How rich is life at the vent systems?  In spite of the difficulty of visiting these sites and the problem of trying to sample life forms at such great depths, a new species of vent life has been named in the scientific literature every two weeks since the first paper in 1979. 

However, the volcanic activity on the sea floor is not consistent long term and can turn off in some areas and appear in others further away.  So the animals living at the vents must be able to get around, maybe great distances.  Many vent organism are sessile and cannot move and many others cannot mover great distances.  Besides, leaving the area of the vent means traveling from a warm area into the frigid cold.  For many animals it’s the larvae, rather than adults, that are carried far away by currents and hopefully land in a favorable spot of the deep sea floor.

During a deep sea dive in 1987, researchers accidentally came across the skeleton of a blue or fin whale in the Santa Catalina Deep.  This was the first whale carcass to be observed on the deep sea floor. What was remarkable was the large number of organism living on the carcass, many of which were not seen elsewhere on that sea floor, although a number of them were known from vent communities elsewhere.  Mats of  chemoautotrohphic bacteria covered the seafloor and bones and other species present host such bacteria internally and live off the energy released by the bacteria. What had been discovered was a chemoautotrophic community like those of the vent communities, living on a dead whale.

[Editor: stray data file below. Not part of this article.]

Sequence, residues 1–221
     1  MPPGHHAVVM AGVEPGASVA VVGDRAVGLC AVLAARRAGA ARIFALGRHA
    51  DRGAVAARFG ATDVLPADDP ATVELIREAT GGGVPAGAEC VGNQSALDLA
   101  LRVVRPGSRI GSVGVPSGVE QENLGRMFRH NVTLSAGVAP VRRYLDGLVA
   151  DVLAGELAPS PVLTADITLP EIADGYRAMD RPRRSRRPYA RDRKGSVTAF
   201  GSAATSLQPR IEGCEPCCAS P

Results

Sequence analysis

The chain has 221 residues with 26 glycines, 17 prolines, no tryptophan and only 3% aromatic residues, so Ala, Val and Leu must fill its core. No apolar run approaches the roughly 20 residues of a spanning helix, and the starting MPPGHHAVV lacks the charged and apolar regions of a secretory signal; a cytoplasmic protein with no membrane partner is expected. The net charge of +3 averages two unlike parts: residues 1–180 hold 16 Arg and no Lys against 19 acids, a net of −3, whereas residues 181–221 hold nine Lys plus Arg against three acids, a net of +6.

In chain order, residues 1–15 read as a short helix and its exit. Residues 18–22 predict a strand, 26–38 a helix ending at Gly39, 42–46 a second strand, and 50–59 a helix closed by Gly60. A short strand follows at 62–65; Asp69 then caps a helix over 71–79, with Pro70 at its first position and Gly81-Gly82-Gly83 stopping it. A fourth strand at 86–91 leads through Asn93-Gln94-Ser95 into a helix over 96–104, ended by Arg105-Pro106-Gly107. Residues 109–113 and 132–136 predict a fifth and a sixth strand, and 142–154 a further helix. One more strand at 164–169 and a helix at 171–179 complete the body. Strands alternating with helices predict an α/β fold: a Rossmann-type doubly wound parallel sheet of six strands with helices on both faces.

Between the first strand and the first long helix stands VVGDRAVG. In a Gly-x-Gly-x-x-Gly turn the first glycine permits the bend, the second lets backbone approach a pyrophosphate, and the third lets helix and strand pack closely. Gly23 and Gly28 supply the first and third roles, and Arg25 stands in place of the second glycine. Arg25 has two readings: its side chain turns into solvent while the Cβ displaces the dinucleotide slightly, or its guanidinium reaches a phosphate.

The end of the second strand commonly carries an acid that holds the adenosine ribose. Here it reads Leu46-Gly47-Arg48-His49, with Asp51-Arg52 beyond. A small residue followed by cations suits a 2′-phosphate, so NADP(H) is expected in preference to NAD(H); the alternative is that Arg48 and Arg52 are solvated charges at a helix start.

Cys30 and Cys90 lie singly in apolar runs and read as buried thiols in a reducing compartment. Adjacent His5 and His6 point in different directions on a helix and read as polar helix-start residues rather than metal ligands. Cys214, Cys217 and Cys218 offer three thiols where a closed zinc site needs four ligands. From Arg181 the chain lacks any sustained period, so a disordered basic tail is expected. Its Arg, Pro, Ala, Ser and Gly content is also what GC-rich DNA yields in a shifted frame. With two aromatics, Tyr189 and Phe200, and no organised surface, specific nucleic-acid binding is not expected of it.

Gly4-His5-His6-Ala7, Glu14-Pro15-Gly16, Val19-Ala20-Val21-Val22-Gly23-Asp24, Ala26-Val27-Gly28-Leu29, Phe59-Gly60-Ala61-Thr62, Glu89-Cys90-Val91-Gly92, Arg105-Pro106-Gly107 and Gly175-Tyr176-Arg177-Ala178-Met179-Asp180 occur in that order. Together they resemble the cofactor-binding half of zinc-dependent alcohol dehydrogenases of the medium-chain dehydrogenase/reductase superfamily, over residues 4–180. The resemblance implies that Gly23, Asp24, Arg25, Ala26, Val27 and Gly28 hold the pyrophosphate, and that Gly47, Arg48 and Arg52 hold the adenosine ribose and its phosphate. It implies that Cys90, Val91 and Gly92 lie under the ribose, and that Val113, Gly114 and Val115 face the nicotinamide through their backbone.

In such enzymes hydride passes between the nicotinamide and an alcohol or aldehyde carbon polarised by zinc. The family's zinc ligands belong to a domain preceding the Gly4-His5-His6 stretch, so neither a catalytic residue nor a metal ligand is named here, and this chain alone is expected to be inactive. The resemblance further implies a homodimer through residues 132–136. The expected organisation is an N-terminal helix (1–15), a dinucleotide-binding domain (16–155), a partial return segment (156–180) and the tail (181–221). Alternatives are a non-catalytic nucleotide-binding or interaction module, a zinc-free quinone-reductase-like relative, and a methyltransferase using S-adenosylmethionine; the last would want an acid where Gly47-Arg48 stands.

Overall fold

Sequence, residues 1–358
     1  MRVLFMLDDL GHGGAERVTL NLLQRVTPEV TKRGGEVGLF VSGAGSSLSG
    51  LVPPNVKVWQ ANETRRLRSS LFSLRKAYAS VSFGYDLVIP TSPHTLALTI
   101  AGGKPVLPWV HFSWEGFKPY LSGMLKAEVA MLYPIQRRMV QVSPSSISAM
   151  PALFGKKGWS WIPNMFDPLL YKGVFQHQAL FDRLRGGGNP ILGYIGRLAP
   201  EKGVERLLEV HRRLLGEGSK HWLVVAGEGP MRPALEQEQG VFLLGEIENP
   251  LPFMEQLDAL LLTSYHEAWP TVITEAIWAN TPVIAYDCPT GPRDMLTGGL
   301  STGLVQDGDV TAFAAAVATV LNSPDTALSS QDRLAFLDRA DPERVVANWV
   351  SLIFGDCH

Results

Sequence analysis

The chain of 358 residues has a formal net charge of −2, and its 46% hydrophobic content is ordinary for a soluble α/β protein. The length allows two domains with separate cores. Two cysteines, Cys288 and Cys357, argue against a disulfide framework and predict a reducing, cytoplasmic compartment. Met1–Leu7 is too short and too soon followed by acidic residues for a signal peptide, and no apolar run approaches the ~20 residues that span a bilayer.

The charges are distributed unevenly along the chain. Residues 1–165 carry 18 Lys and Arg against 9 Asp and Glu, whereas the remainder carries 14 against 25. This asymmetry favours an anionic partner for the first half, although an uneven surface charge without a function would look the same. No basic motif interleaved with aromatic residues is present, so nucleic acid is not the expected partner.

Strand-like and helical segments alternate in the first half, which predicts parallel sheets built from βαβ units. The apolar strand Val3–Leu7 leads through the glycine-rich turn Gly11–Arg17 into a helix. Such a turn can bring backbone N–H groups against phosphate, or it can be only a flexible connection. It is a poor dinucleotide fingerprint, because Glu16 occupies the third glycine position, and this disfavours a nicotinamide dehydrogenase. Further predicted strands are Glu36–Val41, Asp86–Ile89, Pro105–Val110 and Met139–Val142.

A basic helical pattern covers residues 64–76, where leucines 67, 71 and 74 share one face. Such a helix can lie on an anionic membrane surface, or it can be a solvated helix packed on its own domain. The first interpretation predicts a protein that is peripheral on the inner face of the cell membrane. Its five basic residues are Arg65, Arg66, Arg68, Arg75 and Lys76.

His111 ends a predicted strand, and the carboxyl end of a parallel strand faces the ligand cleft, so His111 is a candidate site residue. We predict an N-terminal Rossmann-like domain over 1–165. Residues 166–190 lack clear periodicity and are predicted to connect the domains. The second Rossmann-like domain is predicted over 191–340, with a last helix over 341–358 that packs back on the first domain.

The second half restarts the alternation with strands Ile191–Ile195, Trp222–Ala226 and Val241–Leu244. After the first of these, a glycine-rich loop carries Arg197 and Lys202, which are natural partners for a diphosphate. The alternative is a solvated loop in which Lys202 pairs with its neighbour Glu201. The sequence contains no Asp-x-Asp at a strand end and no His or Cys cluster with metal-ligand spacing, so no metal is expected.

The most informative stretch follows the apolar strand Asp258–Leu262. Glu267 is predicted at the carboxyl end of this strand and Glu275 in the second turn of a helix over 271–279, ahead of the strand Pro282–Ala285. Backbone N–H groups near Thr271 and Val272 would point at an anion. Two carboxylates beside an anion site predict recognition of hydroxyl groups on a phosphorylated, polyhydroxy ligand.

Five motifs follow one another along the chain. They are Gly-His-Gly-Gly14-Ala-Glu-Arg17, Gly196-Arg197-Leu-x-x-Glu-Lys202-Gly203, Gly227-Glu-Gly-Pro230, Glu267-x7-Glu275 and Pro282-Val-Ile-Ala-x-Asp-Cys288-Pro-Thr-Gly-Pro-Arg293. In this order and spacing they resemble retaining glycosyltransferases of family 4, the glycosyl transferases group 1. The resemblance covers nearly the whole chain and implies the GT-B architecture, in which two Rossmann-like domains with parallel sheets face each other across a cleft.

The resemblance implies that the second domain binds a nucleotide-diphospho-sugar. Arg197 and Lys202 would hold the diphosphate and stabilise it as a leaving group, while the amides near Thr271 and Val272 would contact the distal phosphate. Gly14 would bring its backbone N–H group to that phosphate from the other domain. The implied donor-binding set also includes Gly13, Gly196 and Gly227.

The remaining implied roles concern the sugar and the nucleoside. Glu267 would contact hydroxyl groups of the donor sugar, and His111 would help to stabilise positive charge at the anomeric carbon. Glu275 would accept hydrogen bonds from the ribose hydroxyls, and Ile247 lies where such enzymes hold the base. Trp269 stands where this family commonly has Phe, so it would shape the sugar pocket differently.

Although there were no hydrothermal vents at the whale site, the bacteria were performing their miracle by metabolizing the fats in the whale bones!  Since that time other natural deep sea whale fall occurrences have been found, but those discoveries are dependent upon luck.  To better understand decomposition of whales and their utilization a number of whale carcasses have been sunk to the sea floor and their exact location recorded so they can become subjects for long term studies.  This is now a rich field of study and has revealed much about the ecology of the deep sea floor.